Q & A: American Poetry
Q & A American Poetry: Michael S. Harper
My sense, as a black American poet, that the American language and its various idioms belong to practitioners hasn't changed. My hope for the next century is that black and minority children will be given computers, e-mail, websites, and paraphernalia on the internet and elsewhere TO PLAY; dividends will come from that absorption, some of which won't be calculable. I think we have to work on, seriously, an end to WHITE SUPREMACY; we must give that problem to the children to solve. I am interested in the world, have traveled widely, and found, to my astonishment, having taught in the university for three decades, that replication by my teachers was unfathomable, and that I am now a role model to the young; this is daunting, and across the board, humbling. As Auden counseled, "we are a collectivity of individuals."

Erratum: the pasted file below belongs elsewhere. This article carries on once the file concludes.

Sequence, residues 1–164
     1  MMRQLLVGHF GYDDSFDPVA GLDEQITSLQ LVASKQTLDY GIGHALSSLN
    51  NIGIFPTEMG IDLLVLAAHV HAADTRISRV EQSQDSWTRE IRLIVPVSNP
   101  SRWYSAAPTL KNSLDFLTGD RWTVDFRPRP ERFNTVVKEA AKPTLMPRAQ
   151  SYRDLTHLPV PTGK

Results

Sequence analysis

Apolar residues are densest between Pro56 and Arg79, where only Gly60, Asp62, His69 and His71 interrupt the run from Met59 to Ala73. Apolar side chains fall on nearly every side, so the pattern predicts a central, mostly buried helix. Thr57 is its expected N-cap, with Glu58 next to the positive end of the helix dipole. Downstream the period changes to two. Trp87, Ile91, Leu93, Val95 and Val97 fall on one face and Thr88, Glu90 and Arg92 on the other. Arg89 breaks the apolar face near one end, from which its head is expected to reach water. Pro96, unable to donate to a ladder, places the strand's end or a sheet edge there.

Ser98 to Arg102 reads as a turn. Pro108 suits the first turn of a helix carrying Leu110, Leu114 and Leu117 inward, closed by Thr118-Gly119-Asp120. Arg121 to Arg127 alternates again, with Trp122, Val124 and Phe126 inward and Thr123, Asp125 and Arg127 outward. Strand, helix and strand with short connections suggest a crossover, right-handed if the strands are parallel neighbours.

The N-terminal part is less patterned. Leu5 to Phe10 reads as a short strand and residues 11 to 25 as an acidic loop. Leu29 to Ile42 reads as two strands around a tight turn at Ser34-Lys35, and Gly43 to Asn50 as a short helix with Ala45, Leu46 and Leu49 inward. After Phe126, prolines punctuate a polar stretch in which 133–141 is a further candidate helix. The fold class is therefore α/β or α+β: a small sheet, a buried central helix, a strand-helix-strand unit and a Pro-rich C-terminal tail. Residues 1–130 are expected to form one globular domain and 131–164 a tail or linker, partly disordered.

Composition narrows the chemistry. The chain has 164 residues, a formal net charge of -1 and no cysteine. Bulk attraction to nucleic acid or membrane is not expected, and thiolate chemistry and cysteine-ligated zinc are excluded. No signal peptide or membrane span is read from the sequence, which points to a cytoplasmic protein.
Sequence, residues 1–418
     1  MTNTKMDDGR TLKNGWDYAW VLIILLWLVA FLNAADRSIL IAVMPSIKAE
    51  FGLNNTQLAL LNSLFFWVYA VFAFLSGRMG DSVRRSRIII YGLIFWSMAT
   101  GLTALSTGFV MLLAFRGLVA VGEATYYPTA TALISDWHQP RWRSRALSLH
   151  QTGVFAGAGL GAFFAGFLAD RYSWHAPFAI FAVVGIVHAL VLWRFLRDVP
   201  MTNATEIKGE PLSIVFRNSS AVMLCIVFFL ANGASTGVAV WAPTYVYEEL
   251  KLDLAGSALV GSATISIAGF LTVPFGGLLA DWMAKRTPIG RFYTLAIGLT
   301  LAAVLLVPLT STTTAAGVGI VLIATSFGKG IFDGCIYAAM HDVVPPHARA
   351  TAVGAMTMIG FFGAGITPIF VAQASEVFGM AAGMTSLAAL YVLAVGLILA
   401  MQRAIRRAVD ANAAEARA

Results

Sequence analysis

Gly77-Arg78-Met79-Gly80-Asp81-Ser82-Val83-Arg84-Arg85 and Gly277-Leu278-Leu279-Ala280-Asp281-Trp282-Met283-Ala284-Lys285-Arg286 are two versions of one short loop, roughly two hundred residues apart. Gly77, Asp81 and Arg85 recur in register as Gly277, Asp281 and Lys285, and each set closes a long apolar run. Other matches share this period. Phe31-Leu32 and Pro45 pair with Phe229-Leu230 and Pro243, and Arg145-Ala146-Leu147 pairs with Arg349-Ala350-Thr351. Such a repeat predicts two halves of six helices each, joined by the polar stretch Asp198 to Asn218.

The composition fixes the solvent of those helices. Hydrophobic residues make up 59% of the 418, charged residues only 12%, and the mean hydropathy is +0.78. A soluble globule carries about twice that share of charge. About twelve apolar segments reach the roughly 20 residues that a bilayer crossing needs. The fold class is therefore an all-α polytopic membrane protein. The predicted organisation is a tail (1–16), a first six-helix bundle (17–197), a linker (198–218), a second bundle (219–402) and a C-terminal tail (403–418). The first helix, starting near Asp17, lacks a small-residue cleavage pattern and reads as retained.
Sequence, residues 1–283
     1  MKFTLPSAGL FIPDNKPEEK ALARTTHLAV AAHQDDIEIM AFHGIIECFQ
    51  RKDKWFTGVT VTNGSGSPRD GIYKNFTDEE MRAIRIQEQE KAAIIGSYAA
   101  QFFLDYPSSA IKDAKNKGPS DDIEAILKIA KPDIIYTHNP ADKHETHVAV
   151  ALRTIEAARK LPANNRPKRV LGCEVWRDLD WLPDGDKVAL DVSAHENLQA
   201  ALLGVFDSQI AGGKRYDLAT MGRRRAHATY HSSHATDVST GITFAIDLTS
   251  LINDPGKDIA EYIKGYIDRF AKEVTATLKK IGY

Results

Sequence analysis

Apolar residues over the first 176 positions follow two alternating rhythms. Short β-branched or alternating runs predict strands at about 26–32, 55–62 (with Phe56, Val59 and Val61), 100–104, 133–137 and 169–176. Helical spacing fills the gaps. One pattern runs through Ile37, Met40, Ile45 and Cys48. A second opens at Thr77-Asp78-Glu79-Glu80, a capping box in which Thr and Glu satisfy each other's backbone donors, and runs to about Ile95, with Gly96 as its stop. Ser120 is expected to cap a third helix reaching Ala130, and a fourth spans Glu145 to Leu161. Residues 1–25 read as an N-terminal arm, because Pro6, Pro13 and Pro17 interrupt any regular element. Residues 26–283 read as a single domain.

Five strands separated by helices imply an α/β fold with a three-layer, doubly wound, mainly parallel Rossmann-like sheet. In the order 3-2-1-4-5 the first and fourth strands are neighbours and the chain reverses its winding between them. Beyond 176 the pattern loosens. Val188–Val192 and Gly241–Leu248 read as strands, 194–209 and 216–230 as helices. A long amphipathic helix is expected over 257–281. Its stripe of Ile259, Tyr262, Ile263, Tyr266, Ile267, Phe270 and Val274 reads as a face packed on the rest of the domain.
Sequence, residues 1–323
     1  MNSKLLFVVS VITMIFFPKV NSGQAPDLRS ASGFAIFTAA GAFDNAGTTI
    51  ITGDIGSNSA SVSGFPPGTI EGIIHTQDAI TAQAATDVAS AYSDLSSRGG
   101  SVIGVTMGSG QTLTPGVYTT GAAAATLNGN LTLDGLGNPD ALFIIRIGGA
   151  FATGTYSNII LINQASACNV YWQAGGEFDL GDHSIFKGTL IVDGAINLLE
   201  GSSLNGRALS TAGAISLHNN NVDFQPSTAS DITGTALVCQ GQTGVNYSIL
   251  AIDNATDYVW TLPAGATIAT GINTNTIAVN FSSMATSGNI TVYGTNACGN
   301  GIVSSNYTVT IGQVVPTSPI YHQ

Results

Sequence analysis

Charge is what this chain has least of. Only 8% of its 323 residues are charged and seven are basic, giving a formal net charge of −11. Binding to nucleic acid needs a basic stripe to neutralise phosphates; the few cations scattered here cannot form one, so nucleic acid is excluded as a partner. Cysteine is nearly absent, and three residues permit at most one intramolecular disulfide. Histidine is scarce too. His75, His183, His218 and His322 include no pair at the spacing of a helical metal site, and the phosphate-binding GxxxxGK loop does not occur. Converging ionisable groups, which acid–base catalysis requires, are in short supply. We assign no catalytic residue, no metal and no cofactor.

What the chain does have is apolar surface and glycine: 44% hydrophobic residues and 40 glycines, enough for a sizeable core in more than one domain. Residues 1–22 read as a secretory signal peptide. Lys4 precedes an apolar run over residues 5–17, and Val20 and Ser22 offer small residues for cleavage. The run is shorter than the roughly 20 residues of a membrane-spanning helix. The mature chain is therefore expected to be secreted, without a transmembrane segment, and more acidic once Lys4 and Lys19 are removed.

That is my faith! Sterling Brown, Gwendolyn Brooks, Robert Hayden, Ralph Ellison were all integrationists; an integer is a whole number.
I find much of American expression pedantic, silly, and self-serving, but the best inspired, and found in many places, not much in the academy.
Africa is a goldmine; so is Latin America; I think "political correctness" is a neologism; we should embrace the manifest destiny results of imperial culture, and all the aftermaths, colonial, the educations extant in all, and the diaspora; we should pay some attention to the human soul, and the inner world; astral projection is really fear of planetary responsibility.
We must heal ourselves by healing the world.